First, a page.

What is First Come First Serve Method?

First Come First Serve (FCFS) is an operating system scheduling algorithm that automatically executes queued requests and processes in order of their arrival. It is the easiest and simplest CPU scheduling algorithm. In this type of algorithm, processes which requests the CPU first get the CPU allocation first. This is managed with a FIFO queue. The full form of FCFS is First Come First Serve.

As the process enters the ready queue, its PCB (Process Control Block) is linked with the tail of the queue and, when the CPU becomes free, it should be assigned to the process at the beginning of the queue.

In this operating system tutorial, you will learn:

Characteristics of FCFS method

  • It supports non-preemptive and pre-emptive scheduling algorithm.
  • Jobs are always executed on a first-come, first-serve basis.
  • It is easy to implement and use.
  • This method is poor in performance, and the general wait time is quite high.

Example of FCFS scheduling

A real-life example of the FCFS method is buying a movie ticket on the ticket counter. In this scheduling algorithm, a person is served according to the queue manner. The person who arrives first in the queue first buys the ticket and then the next one. This will continue until the last person in the queue purchases the ticket. Using this algorithm, the CPU process works in a similar manner.

How FCFS Works? Calculating Average Waiting Time

Here is an example of five processes arriving at different times. Each process has a different burst time.

Process Burst time Arrival time
P1 6 2
P2 3 5
P3 8 1
P4 3 0
P5 4 4

Using the FCFS scheduling algorithm, these processes are handled as follows.

Step 0) The process begins with P4 which has arrival time 0

Step 1) At time=1, P3 arrives. P4 is still executing. Hence, P3 is kept in a queue.

Process Burst time Arrival time
P1 6 2
P2 3 5
P3 8 1
P4 3 0
P5 4 4

Step 2) At time= 2, P1 arrives which is kept in the queue.

Process Burst time Arrival time
P1 6 2
P2 3 5
P3 8 1
P4 3 0
P5 4 4

Step 3) At time=3, P4 process completes its execution.

Step 4) At time=4, P3, which is first in the queue, starts execution.

Process Burst time Arrival time
P1 6 2
P2 3 5
P3 8 1
P4 3 0
P5 4 4

Step 5) At time =5, P2 arrives, and it is kept in a queue.

Process Burst time Arrival time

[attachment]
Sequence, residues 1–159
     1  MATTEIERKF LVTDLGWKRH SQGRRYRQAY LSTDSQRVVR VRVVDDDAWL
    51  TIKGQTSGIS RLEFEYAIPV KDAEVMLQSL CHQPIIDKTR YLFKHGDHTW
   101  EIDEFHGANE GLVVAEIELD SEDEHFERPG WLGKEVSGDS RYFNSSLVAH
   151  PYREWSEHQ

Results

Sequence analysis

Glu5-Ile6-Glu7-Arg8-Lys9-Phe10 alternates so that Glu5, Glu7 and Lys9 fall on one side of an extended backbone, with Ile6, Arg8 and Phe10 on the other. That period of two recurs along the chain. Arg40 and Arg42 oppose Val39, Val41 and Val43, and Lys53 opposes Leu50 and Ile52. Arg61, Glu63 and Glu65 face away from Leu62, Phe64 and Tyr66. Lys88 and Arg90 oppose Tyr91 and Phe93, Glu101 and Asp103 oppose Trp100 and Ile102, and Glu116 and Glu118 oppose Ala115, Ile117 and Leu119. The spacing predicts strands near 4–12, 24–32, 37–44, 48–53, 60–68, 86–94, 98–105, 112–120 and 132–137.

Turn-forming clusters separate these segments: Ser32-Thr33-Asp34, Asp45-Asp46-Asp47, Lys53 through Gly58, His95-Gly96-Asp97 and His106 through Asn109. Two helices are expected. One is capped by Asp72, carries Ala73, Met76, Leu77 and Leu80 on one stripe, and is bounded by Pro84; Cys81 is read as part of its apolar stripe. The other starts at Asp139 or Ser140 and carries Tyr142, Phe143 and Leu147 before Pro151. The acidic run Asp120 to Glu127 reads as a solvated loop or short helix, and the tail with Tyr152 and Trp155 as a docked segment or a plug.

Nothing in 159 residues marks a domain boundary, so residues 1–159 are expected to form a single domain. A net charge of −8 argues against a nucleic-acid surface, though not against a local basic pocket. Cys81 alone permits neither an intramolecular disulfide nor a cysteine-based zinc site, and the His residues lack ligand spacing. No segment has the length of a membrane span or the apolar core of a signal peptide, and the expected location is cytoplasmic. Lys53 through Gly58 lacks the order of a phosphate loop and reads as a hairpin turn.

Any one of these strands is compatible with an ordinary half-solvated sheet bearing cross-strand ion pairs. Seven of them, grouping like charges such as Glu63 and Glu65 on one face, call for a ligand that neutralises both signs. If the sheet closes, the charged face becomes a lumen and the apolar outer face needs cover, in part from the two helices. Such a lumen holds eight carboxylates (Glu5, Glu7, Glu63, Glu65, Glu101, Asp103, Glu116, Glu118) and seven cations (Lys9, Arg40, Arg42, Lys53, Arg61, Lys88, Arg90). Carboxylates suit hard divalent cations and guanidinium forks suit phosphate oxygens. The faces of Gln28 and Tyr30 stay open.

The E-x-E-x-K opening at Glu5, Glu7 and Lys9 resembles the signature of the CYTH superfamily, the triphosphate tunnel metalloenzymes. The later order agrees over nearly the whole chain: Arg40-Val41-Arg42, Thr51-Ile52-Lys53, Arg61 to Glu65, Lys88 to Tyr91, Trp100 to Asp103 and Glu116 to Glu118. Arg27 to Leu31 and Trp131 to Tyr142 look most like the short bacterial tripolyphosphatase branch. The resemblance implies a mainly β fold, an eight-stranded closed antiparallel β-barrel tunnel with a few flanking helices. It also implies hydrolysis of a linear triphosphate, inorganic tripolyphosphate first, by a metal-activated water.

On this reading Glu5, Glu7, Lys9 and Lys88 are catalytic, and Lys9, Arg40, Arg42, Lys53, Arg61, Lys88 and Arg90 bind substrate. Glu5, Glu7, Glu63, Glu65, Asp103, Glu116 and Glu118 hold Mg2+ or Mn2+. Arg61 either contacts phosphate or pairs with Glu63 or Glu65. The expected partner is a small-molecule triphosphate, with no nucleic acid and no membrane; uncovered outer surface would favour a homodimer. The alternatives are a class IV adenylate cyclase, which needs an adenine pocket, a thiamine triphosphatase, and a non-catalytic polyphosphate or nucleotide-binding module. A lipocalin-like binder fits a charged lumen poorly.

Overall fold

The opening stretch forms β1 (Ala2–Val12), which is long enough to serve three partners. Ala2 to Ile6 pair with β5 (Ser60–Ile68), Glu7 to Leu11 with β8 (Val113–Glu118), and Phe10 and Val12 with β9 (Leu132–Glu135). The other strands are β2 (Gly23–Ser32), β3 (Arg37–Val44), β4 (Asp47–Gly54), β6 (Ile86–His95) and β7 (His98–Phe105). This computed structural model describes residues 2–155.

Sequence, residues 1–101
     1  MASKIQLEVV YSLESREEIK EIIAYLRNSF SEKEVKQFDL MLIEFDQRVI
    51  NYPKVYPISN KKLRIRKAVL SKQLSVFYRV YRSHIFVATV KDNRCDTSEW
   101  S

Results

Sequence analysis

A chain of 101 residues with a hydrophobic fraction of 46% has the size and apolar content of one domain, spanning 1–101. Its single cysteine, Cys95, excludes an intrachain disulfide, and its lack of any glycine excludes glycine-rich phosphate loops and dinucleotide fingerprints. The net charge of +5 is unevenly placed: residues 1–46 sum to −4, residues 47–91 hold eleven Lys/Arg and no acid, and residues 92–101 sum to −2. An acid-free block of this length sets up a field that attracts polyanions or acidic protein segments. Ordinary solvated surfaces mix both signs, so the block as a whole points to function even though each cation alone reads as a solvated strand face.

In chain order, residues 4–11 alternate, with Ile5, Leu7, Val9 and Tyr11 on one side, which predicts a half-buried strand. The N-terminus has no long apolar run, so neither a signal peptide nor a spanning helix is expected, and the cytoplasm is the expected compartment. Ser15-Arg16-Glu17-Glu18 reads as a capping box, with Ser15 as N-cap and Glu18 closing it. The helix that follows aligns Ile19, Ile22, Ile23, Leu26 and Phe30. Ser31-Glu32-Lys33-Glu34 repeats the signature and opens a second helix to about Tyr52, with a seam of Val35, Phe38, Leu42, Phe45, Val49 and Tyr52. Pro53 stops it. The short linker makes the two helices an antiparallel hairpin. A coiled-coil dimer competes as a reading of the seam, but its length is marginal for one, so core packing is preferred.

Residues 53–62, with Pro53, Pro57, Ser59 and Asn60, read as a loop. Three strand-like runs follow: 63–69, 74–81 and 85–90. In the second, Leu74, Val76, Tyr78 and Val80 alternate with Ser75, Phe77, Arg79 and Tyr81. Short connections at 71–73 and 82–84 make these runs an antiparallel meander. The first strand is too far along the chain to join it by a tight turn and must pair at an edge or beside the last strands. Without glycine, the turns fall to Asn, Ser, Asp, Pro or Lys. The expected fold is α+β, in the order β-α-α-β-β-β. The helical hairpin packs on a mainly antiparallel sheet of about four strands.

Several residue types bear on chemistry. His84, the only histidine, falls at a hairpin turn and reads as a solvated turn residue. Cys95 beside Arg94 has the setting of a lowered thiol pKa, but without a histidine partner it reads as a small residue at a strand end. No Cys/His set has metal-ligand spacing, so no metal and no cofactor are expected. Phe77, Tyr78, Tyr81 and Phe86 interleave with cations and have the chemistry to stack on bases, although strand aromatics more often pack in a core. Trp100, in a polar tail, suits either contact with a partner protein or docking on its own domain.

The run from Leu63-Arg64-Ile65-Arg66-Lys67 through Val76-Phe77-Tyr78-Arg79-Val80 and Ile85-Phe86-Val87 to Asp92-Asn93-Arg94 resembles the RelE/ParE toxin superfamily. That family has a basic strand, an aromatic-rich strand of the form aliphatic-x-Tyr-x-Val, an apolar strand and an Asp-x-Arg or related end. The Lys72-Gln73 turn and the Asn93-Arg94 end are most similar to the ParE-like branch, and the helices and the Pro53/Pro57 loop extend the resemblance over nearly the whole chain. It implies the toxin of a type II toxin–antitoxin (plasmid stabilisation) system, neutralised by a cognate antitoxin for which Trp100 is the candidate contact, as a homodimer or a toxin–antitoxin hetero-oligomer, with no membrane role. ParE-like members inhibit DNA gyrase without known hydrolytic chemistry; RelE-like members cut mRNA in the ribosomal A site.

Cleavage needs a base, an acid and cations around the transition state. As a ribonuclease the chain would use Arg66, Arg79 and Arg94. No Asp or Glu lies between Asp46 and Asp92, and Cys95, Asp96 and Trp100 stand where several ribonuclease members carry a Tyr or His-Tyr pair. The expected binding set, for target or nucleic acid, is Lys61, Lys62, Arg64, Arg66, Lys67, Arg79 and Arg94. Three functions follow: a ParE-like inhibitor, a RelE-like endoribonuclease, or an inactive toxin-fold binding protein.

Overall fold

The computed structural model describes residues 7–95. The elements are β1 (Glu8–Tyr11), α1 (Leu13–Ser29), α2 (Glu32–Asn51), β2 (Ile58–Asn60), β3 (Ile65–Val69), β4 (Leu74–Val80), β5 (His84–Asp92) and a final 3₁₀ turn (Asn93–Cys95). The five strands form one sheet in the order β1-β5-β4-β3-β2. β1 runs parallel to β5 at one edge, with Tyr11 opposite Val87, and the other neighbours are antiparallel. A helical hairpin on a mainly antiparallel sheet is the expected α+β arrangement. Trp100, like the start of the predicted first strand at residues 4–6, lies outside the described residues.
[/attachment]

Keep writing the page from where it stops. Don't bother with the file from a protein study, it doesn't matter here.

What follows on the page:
P1 6 2
P2 3 5
P3 8 1
P4 3 0
P5 4 4

Step 6) At time 11, P3 completes its execution.

Step 7) At time=11, P1 starts execution. It has a burst time of 6. It completes execution at time interval 17

Step 8) At time=17, P5 starts execution. It has a burst time of 4. It completes execution at time=21

Step 9) At time=21, P2 starts execution. It has a burst time of 2. It completes execution at time interval 23

Step 10) Let's calculate the average waiting time for above example.

Waiting time = Start time - Arrival time

P4 = 0-0 = 0

P3 = 3-1 = 2

PI = 11-2 = 9

P5= 17-4 = 13

P2= 21-5= 16

Average Waiting Time

= 40/5= 8

Advantages of FCFS

Here, are pros/benefits of using FCFS scheduling algorithm:

  • The simplest form of a CPU scheduling algorithm
  • Easy to program
  • First come first served

Disadvantages of FCFS

Here, are cons/ drawbacks of using FCFS scheduling algorithm:

  • It is a Non-Preemptive CPU scheduling algorithm, so after the process has been allocated to the CPU, it will never release the CPU until it finishes executing.
  • The Average Waiting Time is high.
  • Short processes that are at the back of the queue have to wait for the long process at the front to finish.
  • Not an ideal technique for time-sharing systems.
  • Because of its simplicity, FCFS is not very efficient.

Summary:

  • Definition: FCFS is an operating system scheduling algorithm that automatically executes queued requests and processes by order of their arrival
  • It supports non-preemptive and pre-emptive scheduling
  • algorithm.
  • FCFS stands for First Come First Serve
  • A real-life example of the FCFS method is buying a movie ticket on the ticket counter.
  • It is the simplest form of a CPU scheduling algorithm
  • It is a Non-Preemptive CPU scheduling algorithm, so after the process has been allocated to the CPU, it will never release the CPU until it finishes executing.

 

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